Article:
Capability modules

Updated: May 06, 2022

The original PCI specification defined a mechanism for extending itself based on the idea of adding capability fields with the configuration space of a device.

PCI Express (PCIe) is now supplanting most new PCI-based designs, but from a software perspective, it's just additional functionality that's managed by a set of defined PCIe capability registers within PCI configuration space. This mechanism has allowed the PCI specification to evolve while maintaining backward compatibility with previous software installations.

The PCI server architecture enables the use of new hardware capabilities in an analogous fashion with the ability to deliver access to these new capabilities with independent software modules and associated APIs.

Capability modules reside in ${QNX_TARGET}/processor/lib/dll/pci/ on your development host, and in /lib/dll/pci/ on your target. Their names are prefixed with pci_cap- or pcie_xcap- for PCI or PCIe extended capabilities, respectively. There is “use” information in each module explaining what capability it's for, its supported APIs, and how to use it. See also the Capability Modules and APIs appendix.

Similar to the hardware-dependent and logging modules, capability modules are demand-loaded and automatically managed for users, but unlike those other modules, capability modules aren't loaded until software decides that they're required. As an example, a device might support both MSI and MSI-X capabilities for message-signalled interrupts, however a driver for that device can decide which of the two it prefers and load only the selected one. In fact all capability modules are managed this way, even the PCI Express capability.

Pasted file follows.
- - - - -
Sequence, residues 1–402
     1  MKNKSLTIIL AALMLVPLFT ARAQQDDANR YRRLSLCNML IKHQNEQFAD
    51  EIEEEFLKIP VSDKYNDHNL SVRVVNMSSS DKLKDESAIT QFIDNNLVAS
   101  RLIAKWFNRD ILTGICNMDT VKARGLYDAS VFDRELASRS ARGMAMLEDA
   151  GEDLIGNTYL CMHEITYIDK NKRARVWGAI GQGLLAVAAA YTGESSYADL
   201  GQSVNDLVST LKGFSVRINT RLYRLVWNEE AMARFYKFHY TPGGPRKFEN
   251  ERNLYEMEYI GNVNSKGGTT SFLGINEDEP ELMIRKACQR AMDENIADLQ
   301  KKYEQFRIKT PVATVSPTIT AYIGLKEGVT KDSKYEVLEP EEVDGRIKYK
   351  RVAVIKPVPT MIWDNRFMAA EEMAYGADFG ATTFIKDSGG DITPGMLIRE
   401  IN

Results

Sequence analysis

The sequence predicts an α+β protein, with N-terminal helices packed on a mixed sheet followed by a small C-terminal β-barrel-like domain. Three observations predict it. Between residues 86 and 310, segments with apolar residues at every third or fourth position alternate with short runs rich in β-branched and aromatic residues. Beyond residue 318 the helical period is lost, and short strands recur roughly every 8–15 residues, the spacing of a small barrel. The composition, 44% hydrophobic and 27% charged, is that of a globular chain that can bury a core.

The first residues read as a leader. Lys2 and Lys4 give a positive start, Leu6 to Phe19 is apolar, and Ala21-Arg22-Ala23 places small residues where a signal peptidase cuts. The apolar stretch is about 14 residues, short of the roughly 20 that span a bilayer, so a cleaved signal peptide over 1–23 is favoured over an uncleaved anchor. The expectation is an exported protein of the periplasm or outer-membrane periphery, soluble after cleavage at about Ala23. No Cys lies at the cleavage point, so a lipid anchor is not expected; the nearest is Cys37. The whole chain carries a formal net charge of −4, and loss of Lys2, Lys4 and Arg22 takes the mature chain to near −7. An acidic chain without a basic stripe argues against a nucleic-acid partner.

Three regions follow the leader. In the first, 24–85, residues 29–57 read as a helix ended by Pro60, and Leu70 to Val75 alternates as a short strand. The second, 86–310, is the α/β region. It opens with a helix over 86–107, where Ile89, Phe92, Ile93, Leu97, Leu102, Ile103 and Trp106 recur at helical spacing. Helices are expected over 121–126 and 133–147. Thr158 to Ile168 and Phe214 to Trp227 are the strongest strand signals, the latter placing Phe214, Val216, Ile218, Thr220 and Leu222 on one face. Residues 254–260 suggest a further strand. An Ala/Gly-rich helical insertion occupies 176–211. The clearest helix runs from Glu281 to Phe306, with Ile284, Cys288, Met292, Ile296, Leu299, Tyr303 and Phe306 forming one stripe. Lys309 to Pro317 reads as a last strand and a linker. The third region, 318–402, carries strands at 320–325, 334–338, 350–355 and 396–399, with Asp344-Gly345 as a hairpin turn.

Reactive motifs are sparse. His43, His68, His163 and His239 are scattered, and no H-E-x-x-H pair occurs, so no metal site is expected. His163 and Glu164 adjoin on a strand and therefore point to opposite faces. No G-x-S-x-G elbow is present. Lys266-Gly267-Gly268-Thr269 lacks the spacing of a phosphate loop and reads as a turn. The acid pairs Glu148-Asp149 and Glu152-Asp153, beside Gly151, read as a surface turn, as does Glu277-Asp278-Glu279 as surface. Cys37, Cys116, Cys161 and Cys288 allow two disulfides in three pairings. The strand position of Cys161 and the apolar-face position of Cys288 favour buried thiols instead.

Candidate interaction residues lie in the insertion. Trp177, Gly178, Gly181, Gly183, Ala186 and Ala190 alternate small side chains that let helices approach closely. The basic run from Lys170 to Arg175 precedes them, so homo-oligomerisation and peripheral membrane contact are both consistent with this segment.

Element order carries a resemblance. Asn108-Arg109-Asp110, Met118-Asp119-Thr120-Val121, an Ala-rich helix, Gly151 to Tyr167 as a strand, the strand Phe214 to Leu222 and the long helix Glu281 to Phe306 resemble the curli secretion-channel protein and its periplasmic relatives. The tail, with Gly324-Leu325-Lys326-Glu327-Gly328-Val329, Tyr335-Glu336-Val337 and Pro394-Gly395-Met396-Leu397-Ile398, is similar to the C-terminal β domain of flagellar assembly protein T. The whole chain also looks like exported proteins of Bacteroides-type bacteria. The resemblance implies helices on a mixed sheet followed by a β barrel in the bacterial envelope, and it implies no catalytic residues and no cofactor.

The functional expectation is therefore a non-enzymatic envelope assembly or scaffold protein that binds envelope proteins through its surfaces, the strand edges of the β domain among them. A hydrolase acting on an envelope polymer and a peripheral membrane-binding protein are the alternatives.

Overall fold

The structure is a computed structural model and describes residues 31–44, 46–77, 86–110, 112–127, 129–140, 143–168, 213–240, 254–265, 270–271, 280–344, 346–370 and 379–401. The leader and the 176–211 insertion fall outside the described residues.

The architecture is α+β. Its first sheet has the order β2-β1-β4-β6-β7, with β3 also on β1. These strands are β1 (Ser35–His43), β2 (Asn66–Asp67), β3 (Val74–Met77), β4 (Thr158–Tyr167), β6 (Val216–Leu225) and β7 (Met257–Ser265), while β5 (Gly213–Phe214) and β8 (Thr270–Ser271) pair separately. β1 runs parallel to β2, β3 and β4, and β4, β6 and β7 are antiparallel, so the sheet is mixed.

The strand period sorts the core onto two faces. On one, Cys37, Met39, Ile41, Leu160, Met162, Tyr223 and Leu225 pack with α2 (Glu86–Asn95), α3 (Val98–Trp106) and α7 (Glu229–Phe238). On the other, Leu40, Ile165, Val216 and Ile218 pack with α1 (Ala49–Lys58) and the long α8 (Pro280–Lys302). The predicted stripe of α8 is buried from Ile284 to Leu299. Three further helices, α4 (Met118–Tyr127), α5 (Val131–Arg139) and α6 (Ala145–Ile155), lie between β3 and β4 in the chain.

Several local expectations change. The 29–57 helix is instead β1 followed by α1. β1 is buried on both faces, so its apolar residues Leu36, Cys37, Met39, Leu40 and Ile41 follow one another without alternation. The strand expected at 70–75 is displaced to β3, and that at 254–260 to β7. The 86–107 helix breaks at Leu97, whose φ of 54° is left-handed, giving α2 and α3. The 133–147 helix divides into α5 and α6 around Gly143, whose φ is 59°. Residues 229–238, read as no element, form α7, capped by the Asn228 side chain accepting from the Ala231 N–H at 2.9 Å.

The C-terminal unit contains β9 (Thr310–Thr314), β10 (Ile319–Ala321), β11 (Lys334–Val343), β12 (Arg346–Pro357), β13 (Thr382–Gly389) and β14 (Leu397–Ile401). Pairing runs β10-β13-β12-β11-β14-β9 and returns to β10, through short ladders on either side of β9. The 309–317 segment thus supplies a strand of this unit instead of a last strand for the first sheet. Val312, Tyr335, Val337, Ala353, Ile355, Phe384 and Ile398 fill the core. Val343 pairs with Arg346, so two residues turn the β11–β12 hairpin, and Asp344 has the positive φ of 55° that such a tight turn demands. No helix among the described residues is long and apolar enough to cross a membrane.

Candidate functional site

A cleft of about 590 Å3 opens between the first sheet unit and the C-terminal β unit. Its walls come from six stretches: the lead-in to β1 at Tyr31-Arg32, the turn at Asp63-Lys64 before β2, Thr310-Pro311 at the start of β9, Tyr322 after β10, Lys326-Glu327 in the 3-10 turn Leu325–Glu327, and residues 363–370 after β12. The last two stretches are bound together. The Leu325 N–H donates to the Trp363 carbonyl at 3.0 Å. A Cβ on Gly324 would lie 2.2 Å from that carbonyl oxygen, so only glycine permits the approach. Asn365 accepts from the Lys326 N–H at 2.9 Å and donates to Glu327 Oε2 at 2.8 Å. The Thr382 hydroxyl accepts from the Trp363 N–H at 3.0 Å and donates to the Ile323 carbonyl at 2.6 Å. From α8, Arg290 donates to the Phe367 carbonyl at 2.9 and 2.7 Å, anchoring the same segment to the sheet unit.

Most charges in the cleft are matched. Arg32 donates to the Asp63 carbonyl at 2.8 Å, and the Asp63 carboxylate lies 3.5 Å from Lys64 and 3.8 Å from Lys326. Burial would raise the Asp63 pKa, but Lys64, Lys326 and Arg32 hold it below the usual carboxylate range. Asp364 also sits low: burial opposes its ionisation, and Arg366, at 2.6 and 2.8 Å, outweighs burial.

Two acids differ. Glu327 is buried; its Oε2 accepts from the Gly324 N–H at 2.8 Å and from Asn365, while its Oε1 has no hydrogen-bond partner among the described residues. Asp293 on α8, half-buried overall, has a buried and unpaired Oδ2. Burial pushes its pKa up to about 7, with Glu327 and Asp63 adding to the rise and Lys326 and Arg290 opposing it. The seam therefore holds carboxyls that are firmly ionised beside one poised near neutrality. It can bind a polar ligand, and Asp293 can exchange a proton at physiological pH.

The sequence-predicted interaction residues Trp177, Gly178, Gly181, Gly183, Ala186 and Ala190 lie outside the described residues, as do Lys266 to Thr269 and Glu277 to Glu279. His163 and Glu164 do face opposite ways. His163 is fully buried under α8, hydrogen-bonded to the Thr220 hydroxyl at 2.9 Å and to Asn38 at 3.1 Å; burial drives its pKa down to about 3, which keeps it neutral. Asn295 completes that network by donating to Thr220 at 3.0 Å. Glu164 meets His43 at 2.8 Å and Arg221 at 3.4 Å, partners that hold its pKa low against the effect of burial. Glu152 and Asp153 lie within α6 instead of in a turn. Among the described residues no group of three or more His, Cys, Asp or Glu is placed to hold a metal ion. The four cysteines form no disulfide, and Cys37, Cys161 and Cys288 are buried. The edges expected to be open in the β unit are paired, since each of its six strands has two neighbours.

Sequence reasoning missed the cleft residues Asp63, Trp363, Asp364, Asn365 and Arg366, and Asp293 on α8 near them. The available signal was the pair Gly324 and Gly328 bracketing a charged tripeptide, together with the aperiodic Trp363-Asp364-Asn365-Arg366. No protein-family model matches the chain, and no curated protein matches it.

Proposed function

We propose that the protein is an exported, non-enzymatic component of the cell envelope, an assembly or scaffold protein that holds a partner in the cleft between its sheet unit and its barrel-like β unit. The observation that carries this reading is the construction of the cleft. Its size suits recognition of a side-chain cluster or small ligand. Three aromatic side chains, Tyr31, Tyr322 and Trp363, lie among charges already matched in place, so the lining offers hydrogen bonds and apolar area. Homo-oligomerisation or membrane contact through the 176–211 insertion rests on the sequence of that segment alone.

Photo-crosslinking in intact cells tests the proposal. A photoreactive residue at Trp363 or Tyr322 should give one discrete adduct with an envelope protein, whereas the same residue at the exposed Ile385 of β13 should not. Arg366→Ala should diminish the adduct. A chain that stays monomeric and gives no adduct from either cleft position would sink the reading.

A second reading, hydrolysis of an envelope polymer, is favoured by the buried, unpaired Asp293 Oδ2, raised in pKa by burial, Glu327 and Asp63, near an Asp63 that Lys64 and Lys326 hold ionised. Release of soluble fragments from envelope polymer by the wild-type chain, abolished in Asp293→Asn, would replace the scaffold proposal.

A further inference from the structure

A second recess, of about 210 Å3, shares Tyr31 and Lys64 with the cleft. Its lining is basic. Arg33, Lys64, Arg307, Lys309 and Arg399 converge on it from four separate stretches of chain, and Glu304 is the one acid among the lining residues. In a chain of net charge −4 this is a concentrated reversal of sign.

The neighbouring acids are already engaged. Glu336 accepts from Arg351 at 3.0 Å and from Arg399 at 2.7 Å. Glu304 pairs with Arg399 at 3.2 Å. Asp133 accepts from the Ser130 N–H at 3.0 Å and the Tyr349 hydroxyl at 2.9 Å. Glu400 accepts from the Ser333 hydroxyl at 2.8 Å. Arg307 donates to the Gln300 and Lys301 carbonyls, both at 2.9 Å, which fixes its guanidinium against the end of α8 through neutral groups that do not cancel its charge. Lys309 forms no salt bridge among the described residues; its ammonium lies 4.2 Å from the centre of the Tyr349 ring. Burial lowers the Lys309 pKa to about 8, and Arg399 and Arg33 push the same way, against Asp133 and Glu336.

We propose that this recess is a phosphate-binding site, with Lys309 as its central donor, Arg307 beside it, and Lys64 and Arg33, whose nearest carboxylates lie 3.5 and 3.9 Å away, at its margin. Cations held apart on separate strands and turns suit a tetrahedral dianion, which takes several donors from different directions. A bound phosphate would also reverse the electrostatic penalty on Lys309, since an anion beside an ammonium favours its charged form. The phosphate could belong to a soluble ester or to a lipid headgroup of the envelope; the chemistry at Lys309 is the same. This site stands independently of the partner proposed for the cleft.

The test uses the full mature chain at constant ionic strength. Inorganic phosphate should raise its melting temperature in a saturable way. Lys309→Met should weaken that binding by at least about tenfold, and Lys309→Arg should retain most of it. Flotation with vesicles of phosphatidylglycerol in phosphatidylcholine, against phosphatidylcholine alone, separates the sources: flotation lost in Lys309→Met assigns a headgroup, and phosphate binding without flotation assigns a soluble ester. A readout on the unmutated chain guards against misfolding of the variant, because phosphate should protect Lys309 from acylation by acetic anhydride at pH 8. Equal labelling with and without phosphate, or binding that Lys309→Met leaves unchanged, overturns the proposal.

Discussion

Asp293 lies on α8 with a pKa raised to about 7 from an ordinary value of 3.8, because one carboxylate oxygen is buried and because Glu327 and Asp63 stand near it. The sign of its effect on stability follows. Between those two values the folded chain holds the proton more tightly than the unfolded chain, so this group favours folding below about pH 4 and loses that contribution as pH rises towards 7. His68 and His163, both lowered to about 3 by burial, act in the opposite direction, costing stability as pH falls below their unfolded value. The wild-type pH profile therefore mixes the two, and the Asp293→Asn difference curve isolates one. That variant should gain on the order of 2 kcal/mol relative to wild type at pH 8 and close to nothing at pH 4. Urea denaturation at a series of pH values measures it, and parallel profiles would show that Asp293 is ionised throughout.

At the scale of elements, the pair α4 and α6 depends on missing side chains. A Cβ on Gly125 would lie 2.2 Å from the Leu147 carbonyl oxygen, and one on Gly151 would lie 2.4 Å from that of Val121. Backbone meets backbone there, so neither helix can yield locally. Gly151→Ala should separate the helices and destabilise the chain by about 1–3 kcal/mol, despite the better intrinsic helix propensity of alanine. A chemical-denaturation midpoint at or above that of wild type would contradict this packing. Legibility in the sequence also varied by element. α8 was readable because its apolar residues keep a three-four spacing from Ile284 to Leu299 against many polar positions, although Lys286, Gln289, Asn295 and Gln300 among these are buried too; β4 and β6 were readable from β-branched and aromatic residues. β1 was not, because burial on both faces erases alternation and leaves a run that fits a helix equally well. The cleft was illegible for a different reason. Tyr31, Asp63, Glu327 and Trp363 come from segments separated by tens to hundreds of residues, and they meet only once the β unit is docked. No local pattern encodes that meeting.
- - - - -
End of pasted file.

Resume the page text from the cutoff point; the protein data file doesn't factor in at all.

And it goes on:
Adding new capabilities modules

The name of a capability module is in one of these forms:

where nn and nnnn are the PCISIG-assigned capability IDs. The number of digits is important; it must be two for PCI capability IDs, and four for PCIe extended capability IDs. For example:

To add a capability to the PCI server, put a capability DLL into the /lib/dll/pci/ directory (or into the directory named by the PCI_CAP_MODULE_DIR environment variable). A capability header file (if required) defines the APIs to the specific capability. Capability header files are typically named with the name of the capability and not the ID (e.g., cap_msi.h). This is to allow them to be more easily identified within the files that include them.

The goal of this mechanism is that only the users of the capability (i.e., driver software) and the capability provider (i.e., the pci_cap-0xID.so DLL) will need to be updated. All other modules, the PCI server library, and the PCI server itself typically remain unchanged. (Depending on the capability, it may be necessary to update the PCI server itself to also use a capability.)

How capabilities are processed

In order to allow (and in fact force) drivers to understand, select, and configure which capabilities they want to use, the PCI server architecture pushes capability processing into the driver software. This has the following advantages:

In order for a capability module to be used, it must be known to both the driver wanting to use it and the PCI server process. If a capability module is blacklisted (see the PCI_MODULE_BLACKLIST environment variable) in the PCI server, it can't be used even if it isn't blacklisted in the driver process.

Similarly, if you use the PCI_CAP_MODULE_DIR environment variable to specify an alternate directory for capability modules (from the default /lib/dll/pci), you must still make sure that any capability that's to be used in the system is visible to both the PCI server and the driver wishing to use it. You can accomplish this by making sure both have the same PCI_CAP_MODULE_DIR or by ensuring that the directory identified by PCI_CAP_MODULE_DIR and the default directory (/lib/dll/pci) both contain the desired capability module (via a symlink or copy).